Dr Schleifer’s Weekly Construction Message
From purely business perspective we should be known as “contractors” even if you consider yourself a “constructor” because the initial and critically important function in construction is the transaction, the contract (also referred to as the agreement). From a functional business perspective, the construction business is not primarily about the process of building brick and mortar, but rather about entering into an agreement to provide construction services.
Something like Uber or Airbnb.
Uber is not a transportation company. It’s a software company that provides vehicle owners and riders with a platform on which to execute a transaction.
Airbnb is not a lodging or hotel company. It’s an online platform that provides homeowners and travelers an arena in which to complete a lodging arrangement (transaction).
Contractors enter into written agreements to provide specific construction services.
If the contract is not drawn correctly the project is impacted, potentially to the point of failure. If the project is completed a year after the due date in the contract, or substantially over the contract price, through no fault of others, the contractor may not have delivered the service he or she contracted for even if the project is used for 100 years thereafter.
Starting at the Beginning
Throughout 2021, we are going to take a methodical look at construction industry best practices from top to bottom.
The initial and primary business practice of the“contractor” is to enter into contracts. You may be a sub-contractor working with a general contractor, or an owner procuring a designer or general contractor, or you may be contracting with material suppliers or a labor union. In any event, your primary and most fundamental business practice and responsibility is to enter into profitable written agreements (contracts).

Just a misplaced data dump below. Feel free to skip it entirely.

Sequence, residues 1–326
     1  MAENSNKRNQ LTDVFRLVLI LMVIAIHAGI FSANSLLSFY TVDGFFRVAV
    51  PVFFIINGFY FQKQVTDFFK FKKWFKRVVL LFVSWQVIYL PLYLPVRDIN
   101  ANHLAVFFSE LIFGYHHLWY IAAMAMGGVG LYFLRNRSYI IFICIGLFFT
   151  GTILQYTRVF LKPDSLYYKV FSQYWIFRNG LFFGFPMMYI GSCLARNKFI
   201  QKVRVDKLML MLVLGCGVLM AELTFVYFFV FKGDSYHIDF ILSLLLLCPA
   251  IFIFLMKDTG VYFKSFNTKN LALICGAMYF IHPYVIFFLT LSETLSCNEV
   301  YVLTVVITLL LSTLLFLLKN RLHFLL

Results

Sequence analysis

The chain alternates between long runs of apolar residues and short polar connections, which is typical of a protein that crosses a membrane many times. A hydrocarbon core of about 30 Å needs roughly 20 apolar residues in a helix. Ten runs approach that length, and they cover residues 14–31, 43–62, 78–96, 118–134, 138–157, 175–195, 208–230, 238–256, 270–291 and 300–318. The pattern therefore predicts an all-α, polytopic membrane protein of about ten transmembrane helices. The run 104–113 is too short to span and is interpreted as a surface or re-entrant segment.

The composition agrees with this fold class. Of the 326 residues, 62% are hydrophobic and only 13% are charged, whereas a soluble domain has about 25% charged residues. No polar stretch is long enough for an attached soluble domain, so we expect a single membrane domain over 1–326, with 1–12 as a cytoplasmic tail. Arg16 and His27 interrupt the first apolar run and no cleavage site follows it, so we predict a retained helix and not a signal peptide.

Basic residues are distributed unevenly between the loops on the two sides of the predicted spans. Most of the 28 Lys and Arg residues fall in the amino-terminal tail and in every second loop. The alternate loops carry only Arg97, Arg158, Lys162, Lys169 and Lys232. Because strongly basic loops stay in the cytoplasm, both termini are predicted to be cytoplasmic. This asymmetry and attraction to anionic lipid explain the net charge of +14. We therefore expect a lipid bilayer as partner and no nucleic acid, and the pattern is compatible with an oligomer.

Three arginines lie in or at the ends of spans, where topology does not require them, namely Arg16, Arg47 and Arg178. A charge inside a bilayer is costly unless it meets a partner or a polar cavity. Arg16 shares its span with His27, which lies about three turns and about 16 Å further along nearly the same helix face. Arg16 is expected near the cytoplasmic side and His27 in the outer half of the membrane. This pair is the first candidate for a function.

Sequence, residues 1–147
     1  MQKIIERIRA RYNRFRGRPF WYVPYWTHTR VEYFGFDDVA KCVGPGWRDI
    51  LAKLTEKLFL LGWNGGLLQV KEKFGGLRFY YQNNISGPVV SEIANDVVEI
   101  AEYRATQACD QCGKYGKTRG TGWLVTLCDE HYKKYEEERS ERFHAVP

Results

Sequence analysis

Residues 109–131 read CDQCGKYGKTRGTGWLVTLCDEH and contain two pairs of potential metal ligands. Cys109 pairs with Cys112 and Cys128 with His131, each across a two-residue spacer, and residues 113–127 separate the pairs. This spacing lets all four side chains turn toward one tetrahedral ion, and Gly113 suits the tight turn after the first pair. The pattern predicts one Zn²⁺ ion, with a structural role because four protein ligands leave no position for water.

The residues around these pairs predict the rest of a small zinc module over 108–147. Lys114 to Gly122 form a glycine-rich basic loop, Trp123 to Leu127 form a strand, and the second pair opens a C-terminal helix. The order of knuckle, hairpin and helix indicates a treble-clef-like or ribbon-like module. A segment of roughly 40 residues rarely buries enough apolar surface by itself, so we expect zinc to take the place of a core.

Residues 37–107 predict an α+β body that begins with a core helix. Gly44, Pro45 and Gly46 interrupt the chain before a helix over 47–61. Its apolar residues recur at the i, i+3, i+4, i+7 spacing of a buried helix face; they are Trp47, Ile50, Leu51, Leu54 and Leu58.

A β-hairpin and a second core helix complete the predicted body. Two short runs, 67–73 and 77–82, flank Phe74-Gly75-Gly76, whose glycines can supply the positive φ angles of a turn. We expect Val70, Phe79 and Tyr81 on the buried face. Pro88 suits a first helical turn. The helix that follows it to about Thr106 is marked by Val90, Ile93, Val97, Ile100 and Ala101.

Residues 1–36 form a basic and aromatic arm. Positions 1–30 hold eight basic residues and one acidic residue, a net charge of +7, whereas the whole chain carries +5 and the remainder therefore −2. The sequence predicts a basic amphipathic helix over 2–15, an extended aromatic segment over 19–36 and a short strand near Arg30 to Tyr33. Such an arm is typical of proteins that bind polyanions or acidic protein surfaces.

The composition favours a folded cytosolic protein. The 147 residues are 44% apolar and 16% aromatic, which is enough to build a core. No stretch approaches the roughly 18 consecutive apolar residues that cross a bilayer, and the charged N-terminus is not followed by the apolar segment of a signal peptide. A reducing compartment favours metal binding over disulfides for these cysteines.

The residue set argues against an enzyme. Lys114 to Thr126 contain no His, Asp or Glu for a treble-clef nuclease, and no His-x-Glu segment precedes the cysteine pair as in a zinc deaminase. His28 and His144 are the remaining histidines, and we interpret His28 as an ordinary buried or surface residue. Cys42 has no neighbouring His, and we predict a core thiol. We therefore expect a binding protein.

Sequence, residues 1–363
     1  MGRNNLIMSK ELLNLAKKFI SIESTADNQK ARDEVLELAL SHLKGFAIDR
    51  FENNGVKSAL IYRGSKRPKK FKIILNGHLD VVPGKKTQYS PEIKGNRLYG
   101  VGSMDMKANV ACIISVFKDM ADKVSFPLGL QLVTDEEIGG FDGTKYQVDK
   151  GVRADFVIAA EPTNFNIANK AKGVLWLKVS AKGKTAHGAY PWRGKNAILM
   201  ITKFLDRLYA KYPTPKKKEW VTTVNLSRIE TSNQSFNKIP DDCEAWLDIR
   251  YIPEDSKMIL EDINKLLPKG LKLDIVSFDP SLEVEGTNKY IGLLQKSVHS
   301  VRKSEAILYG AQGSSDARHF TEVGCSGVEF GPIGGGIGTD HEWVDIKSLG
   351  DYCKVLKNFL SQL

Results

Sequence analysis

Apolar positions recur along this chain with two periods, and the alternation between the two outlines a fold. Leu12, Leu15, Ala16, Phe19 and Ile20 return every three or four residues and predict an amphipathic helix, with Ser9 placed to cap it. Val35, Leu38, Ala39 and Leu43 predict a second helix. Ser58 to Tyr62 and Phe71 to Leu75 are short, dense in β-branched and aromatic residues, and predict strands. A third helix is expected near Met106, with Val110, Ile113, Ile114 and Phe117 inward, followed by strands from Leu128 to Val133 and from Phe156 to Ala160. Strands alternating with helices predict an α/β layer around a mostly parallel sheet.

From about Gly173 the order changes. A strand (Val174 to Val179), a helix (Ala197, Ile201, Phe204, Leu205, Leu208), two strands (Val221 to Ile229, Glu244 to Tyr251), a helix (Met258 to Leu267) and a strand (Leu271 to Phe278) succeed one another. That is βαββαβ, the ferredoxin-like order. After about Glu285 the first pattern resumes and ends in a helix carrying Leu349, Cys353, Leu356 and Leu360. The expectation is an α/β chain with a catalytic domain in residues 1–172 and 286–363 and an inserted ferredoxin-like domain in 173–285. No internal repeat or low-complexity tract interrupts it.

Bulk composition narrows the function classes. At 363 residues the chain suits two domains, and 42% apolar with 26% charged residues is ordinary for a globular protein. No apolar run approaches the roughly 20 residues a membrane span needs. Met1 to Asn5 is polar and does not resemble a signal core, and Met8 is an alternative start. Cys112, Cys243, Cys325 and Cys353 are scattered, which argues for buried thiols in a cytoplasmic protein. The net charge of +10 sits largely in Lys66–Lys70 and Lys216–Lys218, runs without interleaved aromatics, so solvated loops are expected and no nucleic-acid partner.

Here’s an imaginary whimsical letter composed by a Simplar researcher to illustrate the intricate relationship that contractors have with their contracts (agreements). While you read, ask yourself if you could have written a similar letter. A hypothetical contractor is writing this imaginary letter to the contract document (agreement) that he executes, as if it were a person.
From Contractor: Dear Contract Document,
Let me start by telling you I appreciate you and all the good things you do for me. I will always need you and will forever rely upon your strengths. With that said, I have noticed a few disappointing realities over the years that I felt would be best for our relationship if I got them out in the open.
First, I have realized that even though I rely upon you regularly, you don’t give me what I really want and need. Sometimes I use you and the project goes OK, and then other times I use you and the project finishes late or over budget.
Second, you don’t really prevent non-performance from the vendors that I need and use. You only penalize them once it has happened.
Third, after I sign you, I never seem to have reason to open you…unless there is a problem. I need more than that. I need something that is actively engaged in helping me predict potential risks and solve them before they happen.
I know all my problems are not your fault. I realize that sometimes in my haste to get you signed, I may not give you the fair treatment you deserve. And sure, the people that set the expectations for the project and get you signed are rarely the people that will actually be doing the work. And yes, I don’t always document performance and close out a project like I should.
I will always need you and use you on all my projects. But I need more than just a contract. I need experts. From now on, I am going to start using you within a value-based approach to projects.
(To see the Contract document’s response to this imaginary letter, tune in next week, 1/27/21, to the Weekly Construction Message on this Blog site, letstalkbusiness.net. Find out what the contract said.)
A Value-Based Approach
If you find yourself struggling with profitability, schedule and cost overruns; you find the process slow and contentious when negotiating extras or getting paid, or you’re mired in constant legal hassling, it is time to stop blaming your people and take a closer look at your contracts. Most problems start there. Very few owners, designers, contractors, or vendors realize this. We need to focus on executing more professional, profitable, and equitable contracts.
We will be discussing Simplar’s value-based approach to procurement and contract execution in subsequent Blog Post Messages.
Keep in mind that if you stumble at the start, you rarely finish first.
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